JT65, developed and released in late 2003, is intended for extremely weak but slowly varying signals, such as those found on troposcatter or Earth-Moon-Earth (EME, or “moonbounce”) paths. It can decode signals many decibels below the noise floor in a 2500 Hz band (note that SNR in a 2500 Hz band is approximately 28 dB lower than SNR in a 4 Hz band, which is closer to the channel bandwidth of an individual JT65 tone), and can often allow amateurs to successfully exchange contact information without signals being audible to the human ear. Like the other modes, multiple-frequency shift keying is employed; unlike the other modes, messages are transmitted as atomic units after being compressed and then encoded with a process known as forward error correction (or “FEC”). The FEC adds redundancy to the data, such that all of a message may be successfully recovered even if some bits are not received by the receiver. (The particular code used for JT65 is Reed-Solomon.) Because of this FEC process, messages are either decoded correctly or not decoded at all, with very high probability. After messages are encoded, they are transmitted using MFSK with 65 tones.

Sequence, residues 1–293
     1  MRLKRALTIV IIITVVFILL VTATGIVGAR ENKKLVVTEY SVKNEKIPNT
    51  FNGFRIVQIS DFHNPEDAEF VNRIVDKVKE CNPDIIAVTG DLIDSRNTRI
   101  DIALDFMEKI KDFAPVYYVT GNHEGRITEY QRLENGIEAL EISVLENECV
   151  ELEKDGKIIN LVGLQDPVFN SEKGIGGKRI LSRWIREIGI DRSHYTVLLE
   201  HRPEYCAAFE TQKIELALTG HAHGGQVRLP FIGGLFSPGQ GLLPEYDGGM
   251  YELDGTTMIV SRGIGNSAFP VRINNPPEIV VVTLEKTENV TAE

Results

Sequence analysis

Operators have also begun using the JT65 mode for contacts on the HF bands, often using QRP (very low transmit power); while the mode was not originally intended for such use, its popularity has resulted in several new features being added to WSJT in order to facilitate HF operation.